Trust is important at many levels of an organisation. For employees to take risks, work harder and respond quicker to customer needs, they need to feel that the company and its managers do what they say they will do and keep up to date with everything going on. 

With trust at all levels, a company is likely to move faster, be more responsive, and exhibit higher levels of productivity. 

A lot of research from Great Place to Work — the firm that provides the data behind Fortune’s 100 Best Companies to Work For – indicates that enterprises with a trust culture will have greater financial success than those that don’t. 

When there is a lack of trust, it is often because of owners and managers not being transparent about what is being worked on, how the company is doing, and why changes are being made. 

However, nothing breaks trust faster than when an owner or manager fails to do what they say they are going to do. 

Culture of trust

Over-promising and under-delivering is one of the biggest mistakes a leader can make with their team. If you find yourself not following through on what you said you would do because you are too busy, change your approach to one of under-promising and over-delivering. 

Keeping your word is critical to having integrity. As an owner or manager, if you lose this you will not be able to build a culture of trust and to be seen as a leader. 

Owners and managers whose actions and words are aligned earn the respect of their staff. Actions speak louder than words, and your business must have leaders who do the right thing. 

If your staff do not think you or your manager lead by example, your values and integrity and those of your business will be challenged. When a leader loses their integrity, they lose the trust of their team and their ability to lead. 

Sharing goals

An organisation’s transparency around its goals, strategies, plans and results greatly determine employees' engagement and the amount of trust they feel towards you and the business. Goals indicate the results the company wishes to achieve. 

It is amusing when a company leader talks about being goal-oriented but has not shared their goals with their team. 

Simply put, an enterprise will not achieve its goals until everyone understands what is expected of them.

Consider the process in your firm for letting employees know your current goals and, more specifically, how their work affects those goals. 

Organisations will develop strategies to achieve their goals and managers will create action plans indicating how they and their team will specifically contribute to those strategies. 

In both cases, staff need to know both the broad and specific plans being implemented to achieve the goals.

Updating staff

This is critical to how an employee feels about the company because strategies and plans usually mean change, and when there is transparency, change can be less daunting. 

You need to keep your staff updated with how the organisation is doing against its goals. Results matter, and whether good or bad, every worker should feel connected to and invested in the company’s results.

Keep your people up to date with all key metrics so they understand when a change of plan may be required, or why celebrations occur. 

By creating a culture where results are sought out each month, everyone is interested and involved in making them better.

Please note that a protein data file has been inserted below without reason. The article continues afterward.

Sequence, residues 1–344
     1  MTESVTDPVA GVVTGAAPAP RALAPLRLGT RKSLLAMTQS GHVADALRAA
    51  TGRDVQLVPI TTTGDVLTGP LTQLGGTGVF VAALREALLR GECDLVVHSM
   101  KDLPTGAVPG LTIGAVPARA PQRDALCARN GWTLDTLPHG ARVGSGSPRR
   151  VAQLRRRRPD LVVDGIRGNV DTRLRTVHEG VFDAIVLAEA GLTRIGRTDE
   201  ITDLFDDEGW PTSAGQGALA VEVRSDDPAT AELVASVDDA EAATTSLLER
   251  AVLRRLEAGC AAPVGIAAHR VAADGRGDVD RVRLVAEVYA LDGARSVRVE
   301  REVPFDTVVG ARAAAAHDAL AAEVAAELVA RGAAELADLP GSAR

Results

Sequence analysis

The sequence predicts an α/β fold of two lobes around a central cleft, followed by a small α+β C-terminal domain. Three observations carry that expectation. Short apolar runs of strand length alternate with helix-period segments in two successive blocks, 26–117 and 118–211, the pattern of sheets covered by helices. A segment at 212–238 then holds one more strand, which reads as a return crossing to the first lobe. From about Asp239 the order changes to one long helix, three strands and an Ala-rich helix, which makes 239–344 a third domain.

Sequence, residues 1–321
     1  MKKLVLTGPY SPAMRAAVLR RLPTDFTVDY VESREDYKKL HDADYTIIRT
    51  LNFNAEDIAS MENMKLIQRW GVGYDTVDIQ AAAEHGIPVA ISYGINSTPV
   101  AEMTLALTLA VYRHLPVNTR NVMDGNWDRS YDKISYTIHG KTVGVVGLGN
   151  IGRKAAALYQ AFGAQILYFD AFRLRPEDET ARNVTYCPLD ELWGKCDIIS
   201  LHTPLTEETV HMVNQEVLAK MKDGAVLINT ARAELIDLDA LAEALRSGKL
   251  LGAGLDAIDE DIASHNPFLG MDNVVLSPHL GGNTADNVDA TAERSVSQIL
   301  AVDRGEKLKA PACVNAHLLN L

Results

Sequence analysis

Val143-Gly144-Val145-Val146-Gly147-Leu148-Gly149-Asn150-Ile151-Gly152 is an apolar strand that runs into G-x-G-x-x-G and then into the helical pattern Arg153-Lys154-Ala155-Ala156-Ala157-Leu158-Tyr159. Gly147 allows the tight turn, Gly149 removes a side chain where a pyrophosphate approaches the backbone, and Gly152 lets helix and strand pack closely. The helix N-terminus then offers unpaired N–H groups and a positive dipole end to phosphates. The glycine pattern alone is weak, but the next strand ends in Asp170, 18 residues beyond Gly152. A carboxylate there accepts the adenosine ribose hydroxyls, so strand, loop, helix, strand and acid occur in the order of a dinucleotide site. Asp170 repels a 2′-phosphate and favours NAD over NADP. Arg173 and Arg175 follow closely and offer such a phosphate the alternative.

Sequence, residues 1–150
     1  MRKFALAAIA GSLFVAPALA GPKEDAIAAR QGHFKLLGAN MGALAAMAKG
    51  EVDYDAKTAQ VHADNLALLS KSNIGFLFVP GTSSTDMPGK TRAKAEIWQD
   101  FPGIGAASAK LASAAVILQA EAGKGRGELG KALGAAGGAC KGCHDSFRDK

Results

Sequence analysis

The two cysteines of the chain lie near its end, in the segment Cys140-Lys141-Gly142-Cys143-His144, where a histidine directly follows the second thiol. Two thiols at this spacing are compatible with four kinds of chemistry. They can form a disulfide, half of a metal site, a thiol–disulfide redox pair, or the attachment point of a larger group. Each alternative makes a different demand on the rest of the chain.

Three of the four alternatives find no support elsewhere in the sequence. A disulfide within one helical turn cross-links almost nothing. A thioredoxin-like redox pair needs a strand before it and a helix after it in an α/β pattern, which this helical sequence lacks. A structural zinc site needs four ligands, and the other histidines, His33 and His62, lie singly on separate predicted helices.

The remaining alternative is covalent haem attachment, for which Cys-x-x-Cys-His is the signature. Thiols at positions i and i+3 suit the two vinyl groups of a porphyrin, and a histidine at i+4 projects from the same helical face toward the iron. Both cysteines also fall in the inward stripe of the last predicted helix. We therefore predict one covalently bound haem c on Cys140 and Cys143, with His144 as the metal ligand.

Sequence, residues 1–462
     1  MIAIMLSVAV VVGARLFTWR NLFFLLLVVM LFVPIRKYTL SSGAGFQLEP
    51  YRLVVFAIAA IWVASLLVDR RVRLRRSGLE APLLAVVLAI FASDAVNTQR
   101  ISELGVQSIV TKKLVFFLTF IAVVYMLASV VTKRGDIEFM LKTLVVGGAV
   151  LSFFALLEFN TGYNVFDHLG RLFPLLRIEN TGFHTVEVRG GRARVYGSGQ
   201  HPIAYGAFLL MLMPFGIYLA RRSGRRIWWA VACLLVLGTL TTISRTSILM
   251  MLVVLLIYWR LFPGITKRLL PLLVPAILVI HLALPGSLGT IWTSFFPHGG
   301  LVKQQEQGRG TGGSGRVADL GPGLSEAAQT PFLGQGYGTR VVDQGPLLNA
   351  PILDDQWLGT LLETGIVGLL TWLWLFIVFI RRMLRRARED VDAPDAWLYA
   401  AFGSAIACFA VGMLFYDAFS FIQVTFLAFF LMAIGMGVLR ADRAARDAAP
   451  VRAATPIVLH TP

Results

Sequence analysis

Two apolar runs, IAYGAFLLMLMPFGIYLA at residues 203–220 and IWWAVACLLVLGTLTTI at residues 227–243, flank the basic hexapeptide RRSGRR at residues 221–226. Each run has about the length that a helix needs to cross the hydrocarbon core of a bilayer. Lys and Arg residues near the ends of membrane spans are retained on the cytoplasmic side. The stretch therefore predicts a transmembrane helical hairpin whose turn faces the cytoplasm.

Effective communication

Businesses must not only communicate goals, strategies and plans effectively, they also need to ensure all employees understand what they mean. 

Effective communication requires understanding, so organisations and managers must realise that if staff do not know what any of the shared information means, transparency and trust are never achieved. 

Enterprises must also have a process that allows employees to share their ideas, feedback and insights. Workers should be able to communicate their thoughts and ideas in any of three ways: anonymously, as part of a group or team, or individually with a manager. 

Avoiding distrust

Providing feedback anonymously enables employees to share their thoughts honestly, safely and equitably – so they feel they are on the same level as everyone else. They are more likely to share concerns or negative aspects of their employee experience without fear of repercussions from management or the organisation. 

While there are benefits, giving feedback anonymously cannot be the only way to provide it, as this can reinforce a climate of distrust, particularly with small enterprises. 

Opportunities to speak within a group or team setting are also necessary. We recommend having monthly engagement meetings where everyone is kept up to date with essential information, results, and plans. 

During these gatherings, people can also contribute ideas on how to improve scores or the way they work. These ideas can then be captured and considered more closely, possibly even adding them to a plan. 

Regular check-ins

The final (and possibly most important) medium for feedback is the one-on-one conversation. Managers need to set up regular and consistent check-in or performance conversations with their team members.

These discussions allow the manager to engage with an employee and show they care what that staff member thinks, and also create an opportunity for the business leader to receive feedback. 

Managers must be responsible for fostering relationships where all employees feel comfortable bringing things to their attention, as this will generate the highest feeling of trust and care at work. 

Just remember, if you are asking for feedback and ideas, there must be follow-up with your staff on what you did with those, even if they were not acted on. 

Developing a trusting environment is critical to your organisation’s success. By understanding how to increase the feeling of trust, owners and managers will enhance the employee experience and improve company performance.